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Qatar, Saudi Arabia say the West mobilizes support for Ukraine but falls short in the Middle East

Qatari Foreign Minister Mohammed bin Abdulrahman al-Thani speaks at the Doha Forum in Qatar on March 26. (Ibraheem Al Omari/Reuters)
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BEIRUT — Qatari and Saudi officials are pointing to what they say are unjust inconsistencies in how the West responds to humanitarian strife: acting swiftly to help Ukraine in a way that conflicts and refugees in the Middle East have not seen.

At the Doha Forum on Saturday, the crowd erupted in applause when Qatari Foreign Minister Mohammed bin Abdulrahman al-Thani noted that the “humanitarian suffering” seen in Ukraine “has been the suffering of a lot of countries in this region for years.”

He said the overwhelming international response aimed at helping Ukrainians should establish a precedent and likewise be applied when the world is “witnessing the brutality” against Syrians, Palestinians, Libyans, Iraqis or Afghans. He added that he hopes it is “a wake-up call for everyone in the international community to look at our region” and address the issues “with the same level of commitment” seen in Ukraine.

The Qatari official’s comments mirror a sentiment that has spread across the region in the aftermath of Russia’s invasion of Ukraine. People in crisis-ridden countries such as Syria, Afghanistan and Iraq have been angered by some media coverage painting the Ukrainian conflict as wholly different from the bloodshed experienced in their own countries. Many are also frustrated by the international community’s response, comparing it with the relatively lukewarm reaction to a number of crises over the years in their region.

Rage erupted after a foreign correspondent for CBS News said Ukraine was not used to witnessing war “like Iraq or Afghanistan,” calling the country a “relatively civilized, relatively European” place. The correspondent later apologized, but similar comparisons were made in other media.

A former deputy prosecutor general of Ukraine told the BBC that the situation was emotional “because I see European people with blue eyes and blond hair … being killed every day.”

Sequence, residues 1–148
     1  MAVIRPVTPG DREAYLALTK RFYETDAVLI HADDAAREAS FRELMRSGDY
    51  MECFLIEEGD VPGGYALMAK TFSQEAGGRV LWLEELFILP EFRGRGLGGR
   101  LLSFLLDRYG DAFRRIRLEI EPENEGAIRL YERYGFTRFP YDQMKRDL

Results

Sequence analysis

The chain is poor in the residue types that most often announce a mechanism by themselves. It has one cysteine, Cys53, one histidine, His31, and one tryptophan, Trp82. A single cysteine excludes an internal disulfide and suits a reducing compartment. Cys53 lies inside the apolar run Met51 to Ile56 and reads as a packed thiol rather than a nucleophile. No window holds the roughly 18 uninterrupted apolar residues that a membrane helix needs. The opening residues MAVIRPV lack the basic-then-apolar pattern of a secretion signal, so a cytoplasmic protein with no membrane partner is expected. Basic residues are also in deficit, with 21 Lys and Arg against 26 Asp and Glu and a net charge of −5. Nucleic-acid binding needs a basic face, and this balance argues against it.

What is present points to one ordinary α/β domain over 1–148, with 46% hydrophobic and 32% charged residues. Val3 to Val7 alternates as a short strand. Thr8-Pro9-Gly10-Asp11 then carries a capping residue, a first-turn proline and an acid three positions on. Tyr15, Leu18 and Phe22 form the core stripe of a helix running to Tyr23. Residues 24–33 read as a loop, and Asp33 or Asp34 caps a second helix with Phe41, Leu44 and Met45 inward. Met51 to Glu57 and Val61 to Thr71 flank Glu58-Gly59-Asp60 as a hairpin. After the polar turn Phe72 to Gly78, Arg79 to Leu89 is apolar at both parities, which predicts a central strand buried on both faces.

A journalist on French TV said: “We’re not talking here about Syrians fleeing the bombing of the Syrian regime backed by [Russian President Vladimir Putin]. We’re talking about Europeans leaving in cars that look like ours to save their lives.”

Comments like these, as well as the West’s large-scale reception of Ukrainians fleeing the war, have launched a conversation in the Middle East about what some see as tiers of refugees and wars treated unequally. In a unanimous vote, the European Union adopted a plan to give Ukrainian refugees full access to the bloc for three years. The United States pledged to take in 100,000 refugees from Ukraine; for comparison, since Syria’s 11-year war began, the country has taken in fewer than Syrian 30,000 refugees.

On various Arab social media platforms, a tweet by a Nigerian author and human rights lawyer has been shared tens of thousands of times.

“Can’t get it out of my head that Europe cried about a ‘migrant crisis’ in 2015 against 1.4m refugees fleeing war in Syria and yet quickly absorbed some 2m Ukrainians within days, complete with flags and piano music,” Ayo Sogunro wrote. “Europe never had a migrant crisis. It has a racism crisis.”

At the Doha Forum, Tamim bin Hamad al-Thani, the emir of Qatar, said his nation stands “with the millions of innocent and refugees” from Ukraine. But he added that he wanted “to remind” the international community of Palestinians, Syrians and Afghans who have similarly suffered and whom he said the international community has failed to do justice.

Ukrainian President Volodymyr Zelensky made a surprise video appearance at the forum, in which he compared Russia’s destruction of the port city of Mariupol to the Russian-backed destruction of Aleppo, Syria, which in 2016 saw entire neighborhoods leveled. The city remains largely destroyed.

Saudi Foreign Minister Faisal bin Farhan al-Saud later addressed the comparison that “Mariupol is Europe’s Aleppo” during a roundtable at the forum.

“Well, Aleppo is our Aleppo,” he said. “The problem is exactly in that.”

He advocated for a conversation on how to better engage the global community in dealing with future conflicts in a “globally fair context.”

“The engagement of the powers that could be effective now and then is quite different,” he said.

Sen. Lindsey O. Graham (R-S.C.), who was in attendance, addressed the concerns, noting the U.S. presence in countries throughout the region.

“The average American believes that we have been involved in this region,” he said. “For 20 years, we’ve been in Afghanistan, we’ve spent a trillion dollars, and we lost almost 3,000 troops.”

He raised questions about how to help Yemenis and Afghans without empowering the Houthis and the Taliban. The latter is a U.S.-designated terrorist group, while the Houthi rebels, who control parts of Yemen, were removed from the list on humanitarian grounds last year.

“Aleppo,” Graham said, pausing slightly. “We should’ve done more.”

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